Homework has been getting a lot of attention in the media. My Twitter feed is full of articles and blogs discussing the research on homework, particularly at the elementary level, and how counterproductive it can actually be. As a parent and teacher, I find this conversation is particularly interesting.
As a parent, I marvel at the amount of work my own children–2nd and 4th grade–bring home on a weekly basis. Selfishly, I feel homework at the elementary level is an intrusion into the limited time I get with my kids in the evenings and weekends. My children spend 6+ hours in a classroom with their teachers each day. I want the 4+ hours they have after school to be dedicated to exploring other interests–sports, instruments, playing in the backyard, building random art projects out of old boxes, and reading. In the long run, I think this break from academic tasks beyond the classroom will actually keep students more engaged at school.
Because I clearly saw the value of not assigning homework elementary level, I had to take a closer look at why I was assigning homework at the high school level. Wasn’t the argument for needing a brain break after a long day at school just as valid for teenagers? Don’t teenagers also need time to pursue other interests and spend time with their families?
If I’m honest, there are three clear reasons that initially motivated my decision to assign homework every night: 1) I never had enough time to cover everything in class, 2) I believed students needed to learn to manage their time outside of class and develop important study habits, and 3) I was assigned homework in high school. Despite having clear motivations for assigning homework, I always worried I gave students too much homework. Too many students entered my class blurry eyed and exhausted after late nights spent doing work. It was even worse for those students juggling sports, debate, student government, or afternoon jobs.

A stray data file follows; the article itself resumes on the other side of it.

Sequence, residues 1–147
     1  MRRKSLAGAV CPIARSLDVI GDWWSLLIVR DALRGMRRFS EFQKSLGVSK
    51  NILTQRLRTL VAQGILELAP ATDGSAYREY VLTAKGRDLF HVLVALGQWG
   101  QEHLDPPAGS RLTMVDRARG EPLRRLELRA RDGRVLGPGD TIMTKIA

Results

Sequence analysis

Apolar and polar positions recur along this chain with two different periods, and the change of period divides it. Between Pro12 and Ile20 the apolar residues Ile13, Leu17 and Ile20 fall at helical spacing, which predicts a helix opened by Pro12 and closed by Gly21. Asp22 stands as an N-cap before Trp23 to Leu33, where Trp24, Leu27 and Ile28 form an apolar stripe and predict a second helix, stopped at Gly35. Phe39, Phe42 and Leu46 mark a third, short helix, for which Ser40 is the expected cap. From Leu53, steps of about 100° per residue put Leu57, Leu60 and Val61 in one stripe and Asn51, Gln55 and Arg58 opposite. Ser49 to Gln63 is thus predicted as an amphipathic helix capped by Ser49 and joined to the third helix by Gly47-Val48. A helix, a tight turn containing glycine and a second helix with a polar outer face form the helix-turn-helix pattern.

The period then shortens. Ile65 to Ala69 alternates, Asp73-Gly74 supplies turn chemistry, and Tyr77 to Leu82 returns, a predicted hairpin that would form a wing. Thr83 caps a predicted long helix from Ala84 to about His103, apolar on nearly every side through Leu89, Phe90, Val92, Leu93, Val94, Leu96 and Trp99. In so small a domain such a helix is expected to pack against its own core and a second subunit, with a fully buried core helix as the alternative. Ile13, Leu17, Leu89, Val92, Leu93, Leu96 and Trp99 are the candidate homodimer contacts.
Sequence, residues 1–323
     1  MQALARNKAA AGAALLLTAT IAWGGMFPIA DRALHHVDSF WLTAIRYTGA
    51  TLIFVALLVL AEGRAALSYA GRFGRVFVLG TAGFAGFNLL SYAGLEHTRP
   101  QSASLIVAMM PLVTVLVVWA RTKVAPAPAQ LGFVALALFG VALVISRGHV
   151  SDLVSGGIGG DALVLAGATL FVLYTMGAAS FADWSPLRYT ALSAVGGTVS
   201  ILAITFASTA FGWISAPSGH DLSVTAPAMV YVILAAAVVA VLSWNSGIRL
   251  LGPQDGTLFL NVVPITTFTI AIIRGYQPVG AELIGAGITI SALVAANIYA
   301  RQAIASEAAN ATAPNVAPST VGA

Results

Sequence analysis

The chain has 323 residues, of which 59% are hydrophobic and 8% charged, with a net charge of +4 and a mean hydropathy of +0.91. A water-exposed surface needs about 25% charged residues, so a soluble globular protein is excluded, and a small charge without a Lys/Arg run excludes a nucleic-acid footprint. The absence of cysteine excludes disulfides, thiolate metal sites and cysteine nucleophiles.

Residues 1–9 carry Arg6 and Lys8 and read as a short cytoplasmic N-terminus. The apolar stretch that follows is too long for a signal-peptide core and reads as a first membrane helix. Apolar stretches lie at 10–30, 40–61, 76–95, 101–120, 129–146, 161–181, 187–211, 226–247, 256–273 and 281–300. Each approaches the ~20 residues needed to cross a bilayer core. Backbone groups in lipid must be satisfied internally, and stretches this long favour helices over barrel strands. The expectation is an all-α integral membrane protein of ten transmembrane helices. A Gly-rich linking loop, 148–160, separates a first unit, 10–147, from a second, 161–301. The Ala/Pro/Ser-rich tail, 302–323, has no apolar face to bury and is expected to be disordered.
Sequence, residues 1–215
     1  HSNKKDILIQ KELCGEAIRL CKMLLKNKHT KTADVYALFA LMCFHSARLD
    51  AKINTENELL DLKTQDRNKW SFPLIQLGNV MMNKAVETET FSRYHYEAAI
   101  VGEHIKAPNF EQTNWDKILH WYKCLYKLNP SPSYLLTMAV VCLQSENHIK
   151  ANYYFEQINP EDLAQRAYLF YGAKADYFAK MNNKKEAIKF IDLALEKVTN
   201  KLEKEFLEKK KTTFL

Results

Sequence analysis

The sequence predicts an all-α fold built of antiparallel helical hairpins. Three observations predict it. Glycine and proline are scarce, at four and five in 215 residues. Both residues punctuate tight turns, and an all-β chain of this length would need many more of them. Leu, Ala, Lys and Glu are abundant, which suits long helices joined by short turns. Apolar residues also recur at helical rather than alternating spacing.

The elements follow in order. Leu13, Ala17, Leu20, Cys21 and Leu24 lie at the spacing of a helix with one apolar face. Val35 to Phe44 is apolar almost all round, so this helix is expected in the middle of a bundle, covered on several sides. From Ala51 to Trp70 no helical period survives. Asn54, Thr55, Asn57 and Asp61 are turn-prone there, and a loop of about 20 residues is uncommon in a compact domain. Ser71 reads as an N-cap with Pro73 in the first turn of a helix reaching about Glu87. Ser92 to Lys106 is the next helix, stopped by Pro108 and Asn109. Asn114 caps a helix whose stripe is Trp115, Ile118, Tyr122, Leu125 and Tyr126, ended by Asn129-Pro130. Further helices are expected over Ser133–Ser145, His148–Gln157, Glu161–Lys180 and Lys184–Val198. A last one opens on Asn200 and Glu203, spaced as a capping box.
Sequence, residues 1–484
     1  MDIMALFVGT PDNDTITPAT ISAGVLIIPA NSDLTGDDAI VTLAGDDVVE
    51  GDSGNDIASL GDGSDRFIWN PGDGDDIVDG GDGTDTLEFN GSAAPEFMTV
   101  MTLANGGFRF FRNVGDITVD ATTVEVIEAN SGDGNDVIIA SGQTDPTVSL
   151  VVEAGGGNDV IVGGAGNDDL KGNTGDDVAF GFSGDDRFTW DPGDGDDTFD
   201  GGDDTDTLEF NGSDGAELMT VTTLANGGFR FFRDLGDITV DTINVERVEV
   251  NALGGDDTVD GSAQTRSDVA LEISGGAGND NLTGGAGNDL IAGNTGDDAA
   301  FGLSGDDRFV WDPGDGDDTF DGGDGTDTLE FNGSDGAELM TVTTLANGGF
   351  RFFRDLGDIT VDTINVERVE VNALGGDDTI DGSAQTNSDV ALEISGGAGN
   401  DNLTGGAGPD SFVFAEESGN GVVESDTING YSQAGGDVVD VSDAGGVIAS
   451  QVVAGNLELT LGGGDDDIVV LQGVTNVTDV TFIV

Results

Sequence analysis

Then in 2013, Stanford University released research that “found that students in high-achieving communities who spend too much time on homework experience more stress, physical health problems, a lack of balance in their lives, and alienation from society.” As I read this, I felt guilty. I knew I was contributing to my students’ stress and lack of balance. I knew I had to do something different, but I felt trapped. How was I going to get through everything without assigning homework?
That’s was one of many factors that led me to design N.E.W. School, a pilot program at my high school where I co-teach English, science, and technology with another teacher. We share 60 students in two adjoining rooms for 4.5 hours every other day. Instead of teaching the three classes in isolation, we teach them in concert focusing on a central topic for each unit that ties their readings, labs, and online work together.
As I planned the program, I realized that if we had students for 4.5 hours every other day, it didn’t make sense to then send them home with additional work like a traditional class. Instead, we plan our lessons with clear daily, weekly and unit tasks/goals. Students have time to work on specific tasks and projects in class and revisit them throughout the day, week, and unit if they need additional time to complete them.
The only work students do for N.E.W. outside of class is additional practice if they feel they need it or work on a project if they were unable to finish that work in class. For example, if we are working on a vocabulary list, I’ll create a Vocabulary.com review they can access throughout the unit to continue practicing the words both in and outside of class if they choose. If students are working on a project, they may need to invest additional time beyond class to complete their finished product before presenting their work to their peers, parents, and community.
As I reflect on the three reasons I used to assign homework, I realize none of them hold water now that I’ve developed N.E.W. School. I no longer feel like I’m in a race against the bell; I’ve got plenty of time to work with students. Students must still learn to manage their time and develop healthy study habits in the classroom because they have more time and autonomy in N.E.W. School. Finally, just because I had homework in high school doesn’t mean I should be assigning it. In fact, I feel like I’ve spent the better half of the last decade unlearning everything I was taught about teaching and learning.
For those teachers who read this and think, “Well, I don’t teach in a program like that. I can’t just get rid of homework.” I want to encourage you to start having conversations with your administration and fellow teachers now about how you can rethink your schedule and the way classes are taught at your school. I’m just a teacher who had an idea inspired the reading and research I have done on education and school design. I approached my principal and said I wanted to try something new. I’m not going to pretend that bringing this new program to fruition wasn’t challenging, it was. But it was also worth it.